Minnesota's top awards for architectural excellence, which were announced last week, aren't just about architectural excellence.
"The awards are about lifting the standard of excellence in architecture, but the standard is changing," said Anna Pravinata, president of the American Institute of Architects Minnesota (AIA Minnesota) and a principal with Alliiance in Minneapolis. "It's more than aesthetics and core functions. It's about the health of the planet, and the sense of how people feel welcome in a space."
In a virtual ceremony, five Honor Awards and six Framework for Design Excellence Commendations were chosen from 58 projects. Many of the winning projects are in the Twin Cities area. The rest can be found from northeastern Minnesota to Chicago's Lincoln Park neighborhood to suburban Washington, D.C.
City of Minneapolis Public Service Building, Minneapolis
Firms: MSR Design, Minneapolis, and Henning Larsen, New York City.
Description: "The sustainably designed, 11-story municipal building brings seven city departments and 1,100 employees under one roof and completes a civic square on Government Plaza in downtown Minneapolis. The sleek design and openness at street level heralds a new era of transparency, accessibility and welcome in local government services."
Jurors' comments: "This project bowled us over."
Lilydale Regional Park Pickerel Lake Pavilion, St. Paul
Firm: VJAA, Minneapolis.
Description: "This picnic shelter and gathering place on a remediated brownfield on the Mississippi River serves as a focal point for a 384-acre park known for its hiking, birdwatching, canoeing and cross-country skiing opportunities. The expressive, folded-plate canopy, composed of weathered steel and thermally modified wood, is tilted slightly upward toward the lake."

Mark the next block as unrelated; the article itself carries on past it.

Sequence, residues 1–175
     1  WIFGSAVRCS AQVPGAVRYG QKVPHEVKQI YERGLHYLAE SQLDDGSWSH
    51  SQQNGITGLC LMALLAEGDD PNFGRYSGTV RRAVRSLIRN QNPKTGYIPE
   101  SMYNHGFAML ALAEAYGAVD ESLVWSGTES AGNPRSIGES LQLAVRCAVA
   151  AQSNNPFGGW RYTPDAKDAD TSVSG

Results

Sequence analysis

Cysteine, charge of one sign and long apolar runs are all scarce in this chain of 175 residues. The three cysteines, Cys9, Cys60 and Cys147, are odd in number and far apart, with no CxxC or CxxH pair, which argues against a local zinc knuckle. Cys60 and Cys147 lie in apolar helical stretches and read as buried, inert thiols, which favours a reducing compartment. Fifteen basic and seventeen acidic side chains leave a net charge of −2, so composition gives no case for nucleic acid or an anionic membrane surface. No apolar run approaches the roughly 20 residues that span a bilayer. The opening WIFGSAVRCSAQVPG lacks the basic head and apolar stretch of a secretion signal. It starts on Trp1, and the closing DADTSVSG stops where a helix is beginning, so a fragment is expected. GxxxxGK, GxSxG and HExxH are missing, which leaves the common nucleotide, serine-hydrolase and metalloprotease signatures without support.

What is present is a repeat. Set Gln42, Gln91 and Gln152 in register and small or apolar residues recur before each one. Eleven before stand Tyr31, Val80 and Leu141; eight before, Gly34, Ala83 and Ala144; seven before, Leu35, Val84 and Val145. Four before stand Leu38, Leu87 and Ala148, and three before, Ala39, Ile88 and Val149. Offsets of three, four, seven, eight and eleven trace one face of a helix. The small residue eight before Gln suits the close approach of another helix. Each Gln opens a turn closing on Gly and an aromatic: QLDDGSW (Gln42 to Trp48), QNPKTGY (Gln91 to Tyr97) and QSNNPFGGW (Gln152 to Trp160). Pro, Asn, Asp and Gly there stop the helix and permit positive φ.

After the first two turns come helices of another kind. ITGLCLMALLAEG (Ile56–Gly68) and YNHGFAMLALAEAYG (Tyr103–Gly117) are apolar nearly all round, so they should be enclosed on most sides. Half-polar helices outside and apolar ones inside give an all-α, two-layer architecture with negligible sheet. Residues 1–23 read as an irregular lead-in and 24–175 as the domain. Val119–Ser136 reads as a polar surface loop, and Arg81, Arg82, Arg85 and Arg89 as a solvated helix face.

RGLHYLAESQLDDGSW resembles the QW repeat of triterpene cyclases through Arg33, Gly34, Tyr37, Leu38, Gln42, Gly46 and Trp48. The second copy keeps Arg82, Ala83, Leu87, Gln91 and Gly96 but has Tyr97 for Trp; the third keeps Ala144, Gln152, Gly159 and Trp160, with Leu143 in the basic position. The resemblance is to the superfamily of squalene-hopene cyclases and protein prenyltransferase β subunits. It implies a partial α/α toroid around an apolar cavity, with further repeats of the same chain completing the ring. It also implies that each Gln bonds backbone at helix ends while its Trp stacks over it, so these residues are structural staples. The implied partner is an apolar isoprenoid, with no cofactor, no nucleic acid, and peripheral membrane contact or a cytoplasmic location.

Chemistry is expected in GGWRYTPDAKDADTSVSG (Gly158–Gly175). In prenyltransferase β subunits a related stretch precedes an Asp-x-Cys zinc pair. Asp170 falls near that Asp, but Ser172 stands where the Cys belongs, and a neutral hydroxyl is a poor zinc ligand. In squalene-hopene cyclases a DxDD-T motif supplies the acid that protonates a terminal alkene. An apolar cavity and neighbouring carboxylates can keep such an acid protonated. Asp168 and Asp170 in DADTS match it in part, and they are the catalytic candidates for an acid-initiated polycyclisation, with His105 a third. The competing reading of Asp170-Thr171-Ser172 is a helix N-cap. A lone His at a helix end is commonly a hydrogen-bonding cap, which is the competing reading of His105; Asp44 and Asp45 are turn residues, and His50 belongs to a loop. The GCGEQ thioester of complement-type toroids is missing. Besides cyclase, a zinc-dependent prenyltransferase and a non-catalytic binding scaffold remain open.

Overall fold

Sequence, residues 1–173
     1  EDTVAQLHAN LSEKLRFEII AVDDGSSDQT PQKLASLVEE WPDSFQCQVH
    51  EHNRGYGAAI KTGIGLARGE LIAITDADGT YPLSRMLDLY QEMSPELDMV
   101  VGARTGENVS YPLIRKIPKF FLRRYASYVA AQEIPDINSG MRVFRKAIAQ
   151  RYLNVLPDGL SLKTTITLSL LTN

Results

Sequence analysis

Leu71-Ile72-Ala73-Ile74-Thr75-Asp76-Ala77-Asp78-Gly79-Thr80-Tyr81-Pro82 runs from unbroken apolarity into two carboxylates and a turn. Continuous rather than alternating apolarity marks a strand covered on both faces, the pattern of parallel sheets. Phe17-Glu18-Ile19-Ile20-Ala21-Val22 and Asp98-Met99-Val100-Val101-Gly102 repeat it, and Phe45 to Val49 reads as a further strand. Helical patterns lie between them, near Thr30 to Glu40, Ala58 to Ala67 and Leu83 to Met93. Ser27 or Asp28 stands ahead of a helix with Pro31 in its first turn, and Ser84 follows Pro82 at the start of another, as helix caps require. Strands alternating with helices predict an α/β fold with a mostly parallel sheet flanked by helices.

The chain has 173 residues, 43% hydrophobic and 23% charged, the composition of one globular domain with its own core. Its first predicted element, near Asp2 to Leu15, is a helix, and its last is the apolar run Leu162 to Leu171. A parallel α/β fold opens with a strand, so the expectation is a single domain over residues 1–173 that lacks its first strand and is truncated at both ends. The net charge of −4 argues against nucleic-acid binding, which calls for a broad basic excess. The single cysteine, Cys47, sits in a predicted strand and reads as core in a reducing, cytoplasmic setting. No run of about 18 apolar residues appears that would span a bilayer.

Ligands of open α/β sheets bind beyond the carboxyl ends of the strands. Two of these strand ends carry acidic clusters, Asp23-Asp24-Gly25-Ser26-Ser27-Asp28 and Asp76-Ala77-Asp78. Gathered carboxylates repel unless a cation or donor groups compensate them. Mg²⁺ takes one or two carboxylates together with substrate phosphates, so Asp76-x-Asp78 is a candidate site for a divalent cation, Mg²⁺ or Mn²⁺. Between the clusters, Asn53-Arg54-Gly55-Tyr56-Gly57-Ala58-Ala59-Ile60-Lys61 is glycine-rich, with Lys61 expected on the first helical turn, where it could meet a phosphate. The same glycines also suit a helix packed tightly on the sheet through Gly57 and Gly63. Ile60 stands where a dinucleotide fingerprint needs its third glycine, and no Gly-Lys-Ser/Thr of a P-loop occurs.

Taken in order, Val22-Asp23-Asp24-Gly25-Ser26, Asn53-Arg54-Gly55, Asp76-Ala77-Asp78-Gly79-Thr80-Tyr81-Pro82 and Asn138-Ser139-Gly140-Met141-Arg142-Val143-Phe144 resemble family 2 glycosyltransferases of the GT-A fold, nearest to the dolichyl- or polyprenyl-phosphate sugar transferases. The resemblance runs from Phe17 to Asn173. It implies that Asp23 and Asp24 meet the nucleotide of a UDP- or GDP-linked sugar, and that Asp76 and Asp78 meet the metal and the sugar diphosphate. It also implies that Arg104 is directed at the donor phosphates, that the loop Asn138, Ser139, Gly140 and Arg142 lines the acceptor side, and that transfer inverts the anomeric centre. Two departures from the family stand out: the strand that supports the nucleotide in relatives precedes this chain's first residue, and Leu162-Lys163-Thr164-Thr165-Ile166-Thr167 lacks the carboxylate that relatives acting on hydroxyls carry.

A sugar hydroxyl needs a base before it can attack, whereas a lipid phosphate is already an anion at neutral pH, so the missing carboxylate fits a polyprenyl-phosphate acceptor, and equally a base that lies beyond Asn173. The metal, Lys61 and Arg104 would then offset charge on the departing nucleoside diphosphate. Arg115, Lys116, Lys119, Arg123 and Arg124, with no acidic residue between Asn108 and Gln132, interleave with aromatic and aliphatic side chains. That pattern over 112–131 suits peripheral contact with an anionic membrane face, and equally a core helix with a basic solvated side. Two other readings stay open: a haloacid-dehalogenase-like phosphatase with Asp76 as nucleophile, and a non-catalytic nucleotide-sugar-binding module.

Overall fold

Jurors' comments: "As a public pavilion, it's a gift — a memorable setting for family gatherings, weddings, remembrances and solitary reflection."
Arthur J. Altmeyer Federal Building, Woodlawn, Md.
Description: "This project transformed a 10-story, concrete-framed, 1959 office building on a Social Security Administration campus," writes AIA Minnesota. "The recladding of the building, new mechanical systems, new stairs and elevator cores and a complete overhaul of the interiors resulted in dramatic increases in daylighting, occupant comfort and space efficiency, as well as beauty."
Jurors' comments: "A complete transformation of an aging office building — you would never guess this was a renovation."
Chicago Infill House, Chicago
Firm: VJAA. Minneapolis.
Description: "The architects of this new long and narrow home in the Lincoln Park neighborhood refer to it as a variation on the row house. Floor-to-ceiling bay windows face the street, while a courtyard and terraces offer integrated outdoor living in back."
Jurors' comments: "It takes a bold client to have this much transparency on the street."
Manitowish Waters Fire Hall, Manitowish Waters, Wis.
Firm: HGA, Minneapolis.
Description: "This economical project — a simple structure with steel framing, custom precast walls patterned to echo the local landscape and geology, and judicious bursts of brand color — provides its rural community with a full range of fire, rescue and EMS services."
Jurors' comments: "This simple yet inspired architecture speaks to the importance of the voluntary fire service and of the building's use as a community space."